Pre-Budget 2018 Statement

Key Messages

Substantial progress has been made in moving the public finances to a safer position with a likely return to a budget balance in 2018, but risks remain. With the government’s budget returning to balance, debt ratios on a downward trajectory and near-term interest and growth prospects relatively favourable, Ireland is in a good position to move the public finances to a safer position. The favourable short-term macroeconomic outlook means that there is no need for cyclical stimulus at this time, while risks of overheating could materialise in future years. Debt levels still remain very high, which leaves Ireland vulnerable to adverse shocks such as those from a harder-than-expected Brexit impact. On the basis that GNI* is a more appropriate measure of national income for Ireland than GDP, this suggests that Ireland’s net debt burden ranks as the fourth highest in the OECD. Progress in moving the public finances to a safer position slowed in in recent years following the introduction of within-year spending increases.

The Council assesses that it would be conducive to prudent economic and budgetary management for Budget 2018 to stick to existing spending and tax plans within the available gross fiscal space for 2018 of around €1.7 billion. The Department’s latest estimates show some €1.7 billion available for tax and spending changes in 2018 if the fiscal rules are fully met. This estimate of €1.7 billion is based on the required 0.6 percentage point of GDP improvement in the structural balance as Ireland moves to its medium-term budgetary objective. However, the cost of previously announced measures, as well as the yet-to-be approved public sector pay agreement (Public Service Stability Agreement 2018–2020), reduces the scope for new initiatives in Budget 2018 to approximately €½ billion. If additional priorities are to be addressed, these should be funded by additional tax increases or through re-allocations of existing spending. Any unexpected increases in tax revenues or lower interest costs should not be used to fund permanent budgetary measures.

Additional in-year spending measures for 2017 would not be advisable. Considering that the rules already risk being breached this year, a further relaxation of the stance for 2017 would not be appropriate. Within-year expenditure increases, like those in 2015 and 2016, would result in a much more expansionary stance than originally planned, unless they are offset by corresponding expenditure savings or new revenue measures elsewhere. Insufficiently ambitious budget plans combined with a number of within-year increases in expenditure contributed to limited compliance with the fiscal rules. This is visible in a lack of progress in improving the primary balance during 2016 and 2017, despite favourable economic conditions. Had unexpected corporation tax receipts and interest savings been used for deficit reduction, rather than for within-year spending increases in 2015 and 2016, the budget would have been in balance roughly two years earlier than is now projected.

The Government should commit to adhering to all elements of the fiscal framework, including the Expenditure Benchmark, even if the medium-term objective for a structural deficit of 0.5 per cent of GDP is exceeded. Once the objective for a structural deficit of 0.5 per cent of GDP is passed—as may happen next year under current plans—the other pillar of the rules, the Expenditure Benchmark, ceases to apply as strictly. However, continuing to adhere to this spending rule would help to avoid the boom-bust cycles that have proved costly in the past. The Expenditure Benchmark is designed to ensure that spending growth does not follow a procyclical pattern and is meant to be consistent with the structural balance rule, though differences in its calculation compared with the structural balance rule provide some safeguards around measurement issues. If current growth projections are realised this would imply small budget surpluses in the coming years.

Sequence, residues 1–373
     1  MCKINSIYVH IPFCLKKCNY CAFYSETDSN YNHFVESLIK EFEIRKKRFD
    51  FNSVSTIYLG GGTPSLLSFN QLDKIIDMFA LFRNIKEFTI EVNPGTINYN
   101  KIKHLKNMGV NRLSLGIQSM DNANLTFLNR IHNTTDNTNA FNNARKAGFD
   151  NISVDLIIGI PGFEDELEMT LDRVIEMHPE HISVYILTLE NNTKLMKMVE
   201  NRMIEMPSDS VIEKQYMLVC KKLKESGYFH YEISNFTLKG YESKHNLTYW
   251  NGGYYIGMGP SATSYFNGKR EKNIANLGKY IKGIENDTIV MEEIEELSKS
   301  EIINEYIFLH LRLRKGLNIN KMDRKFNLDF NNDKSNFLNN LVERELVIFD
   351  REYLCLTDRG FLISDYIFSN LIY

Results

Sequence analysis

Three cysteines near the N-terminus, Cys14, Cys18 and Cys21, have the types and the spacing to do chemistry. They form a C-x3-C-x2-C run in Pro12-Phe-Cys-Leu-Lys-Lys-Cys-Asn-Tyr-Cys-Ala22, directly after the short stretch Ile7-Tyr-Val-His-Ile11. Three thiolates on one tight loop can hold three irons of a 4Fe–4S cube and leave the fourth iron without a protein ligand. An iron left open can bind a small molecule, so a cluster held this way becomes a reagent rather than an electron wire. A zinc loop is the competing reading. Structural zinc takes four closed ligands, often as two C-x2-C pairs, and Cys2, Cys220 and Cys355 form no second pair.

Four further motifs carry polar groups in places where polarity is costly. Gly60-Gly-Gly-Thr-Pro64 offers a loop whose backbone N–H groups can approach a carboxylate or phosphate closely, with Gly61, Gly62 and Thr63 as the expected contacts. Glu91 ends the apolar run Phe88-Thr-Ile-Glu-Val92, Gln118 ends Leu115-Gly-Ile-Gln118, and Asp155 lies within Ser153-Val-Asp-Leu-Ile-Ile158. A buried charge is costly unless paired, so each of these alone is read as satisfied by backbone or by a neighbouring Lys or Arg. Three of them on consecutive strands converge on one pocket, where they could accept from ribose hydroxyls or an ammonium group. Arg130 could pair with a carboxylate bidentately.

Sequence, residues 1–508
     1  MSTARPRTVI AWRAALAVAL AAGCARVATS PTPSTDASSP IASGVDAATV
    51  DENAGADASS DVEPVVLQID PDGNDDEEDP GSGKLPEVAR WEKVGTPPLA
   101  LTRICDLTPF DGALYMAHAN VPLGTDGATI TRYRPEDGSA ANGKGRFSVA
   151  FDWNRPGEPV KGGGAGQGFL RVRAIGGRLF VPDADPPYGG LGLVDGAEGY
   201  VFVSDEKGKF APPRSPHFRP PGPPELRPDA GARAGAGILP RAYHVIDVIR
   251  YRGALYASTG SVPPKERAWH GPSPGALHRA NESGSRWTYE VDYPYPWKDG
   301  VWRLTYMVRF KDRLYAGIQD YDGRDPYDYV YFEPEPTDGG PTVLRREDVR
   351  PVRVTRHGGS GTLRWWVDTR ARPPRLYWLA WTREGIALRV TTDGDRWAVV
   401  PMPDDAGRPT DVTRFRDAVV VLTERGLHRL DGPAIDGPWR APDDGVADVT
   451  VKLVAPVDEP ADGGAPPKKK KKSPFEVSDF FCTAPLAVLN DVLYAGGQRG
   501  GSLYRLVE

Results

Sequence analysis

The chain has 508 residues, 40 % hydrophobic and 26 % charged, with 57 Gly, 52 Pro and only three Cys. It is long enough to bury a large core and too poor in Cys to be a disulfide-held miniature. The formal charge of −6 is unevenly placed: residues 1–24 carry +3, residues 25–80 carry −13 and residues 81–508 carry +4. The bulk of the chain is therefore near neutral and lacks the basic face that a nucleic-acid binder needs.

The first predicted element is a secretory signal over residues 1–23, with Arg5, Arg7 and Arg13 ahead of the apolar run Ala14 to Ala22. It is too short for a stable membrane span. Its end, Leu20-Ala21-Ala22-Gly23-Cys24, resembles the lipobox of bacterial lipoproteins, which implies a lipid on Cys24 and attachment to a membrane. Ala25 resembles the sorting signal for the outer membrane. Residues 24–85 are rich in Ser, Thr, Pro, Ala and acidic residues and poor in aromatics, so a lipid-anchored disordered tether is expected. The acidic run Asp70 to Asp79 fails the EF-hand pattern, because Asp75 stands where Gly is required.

The Rainy Day Fund could make a useful contribution to more sustainable growth and to prudent management of the public finances, but details of how it is to operate should be published. It is not clear how the design of the Rainy Day Fund will ensure that it is truly countercyclical, given that allocations set out so far are fixed and appear to end in 2021 rather than responding to cyclical developments. How the fund is intended to operate in tandem with the fiscal rules should be clarified, particularly so that support can be provided to the economy in a downturn. Recognising these issues and the limited information that is currently available in relation to how the Rainy Day Fund is intended to operate, the Council urges the Government to publish a detailed proposal on the Rainy Day Fund before or as part of Budget 2018.

Public investment looks set to ramp up quite rapidly, while still complying with the fiscal rules. Following high levels of investment pre-crisis, the consolidation of the public finances saw public investment levels approximately halved. However, government plans show Exchequer capital spending set to ramp up again from €4.2 billion in 2016 to €7.8 billion in 2021, with some of these allocated resources still available to commit to new initiatives. As a share of either government spending or revenues, this would imply public investment in Ireland moving from relatively low levels to among the highest in the EU. The investment increase would be achieved while complying with the fiscal rules in future years. The recent experience in Ireland has seen a procyclical pattern to spending, and this has been a pronounced feature of public investment spending in particular. Adhering to all elements of the fiscal framework would help to prevent forced cuts in areas like investment spending in future downturns, and would help to smooth out spending on investment projects over future cycles.